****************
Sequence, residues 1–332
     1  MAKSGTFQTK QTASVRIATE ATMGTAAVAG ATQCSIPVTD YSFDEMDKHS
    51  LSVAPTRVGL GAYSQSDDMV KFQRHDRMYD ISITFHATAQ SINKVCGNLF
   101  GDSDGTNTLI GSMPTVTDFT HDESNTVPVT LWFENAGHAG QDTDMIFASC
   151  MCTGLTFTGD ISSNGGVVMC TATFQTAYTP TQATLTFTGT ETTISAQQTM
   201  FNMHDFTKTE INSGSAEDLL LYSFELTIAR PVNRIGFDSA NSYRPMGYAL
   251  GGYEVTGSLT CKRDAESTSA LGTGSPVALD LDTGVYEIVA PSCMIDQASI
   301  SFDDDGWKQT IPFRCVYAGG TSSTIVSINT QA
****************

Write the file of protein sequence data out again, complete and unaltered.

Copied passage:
Sequence, residues 1–332
     1  MAKSGTFQTK QTASVRIATE ATMGTAAVAG ATQCSIPVTD YSFDEMDKHS
    51  LSVAPTRVGL GAYSQSDDMV KFQRHDRMYD ISITFHATAQ SINKVCGNLF
   101  GDSDGTNTLI GSMPTVTDFT HDESNTVPVT LWFENAGHAG QDTDMIFASC
   151  MCTGLTFTGD ISSNGGVVMC TATFQTAYTP TQATLTFTGT ETTISAQQTM
   201  FNMHDFTKTE INSGSAEDLL LYSFELTIAR PVNRIGFDSA NSYRPMGYAL
   251  GGYEVTGSLT CKRDAESTSA LGTGSPVALD LDTGVYEIVA PSCMIDQASI
   301  SFDDDGWKQT IPFRCVYAGG TSSTIVSINT QA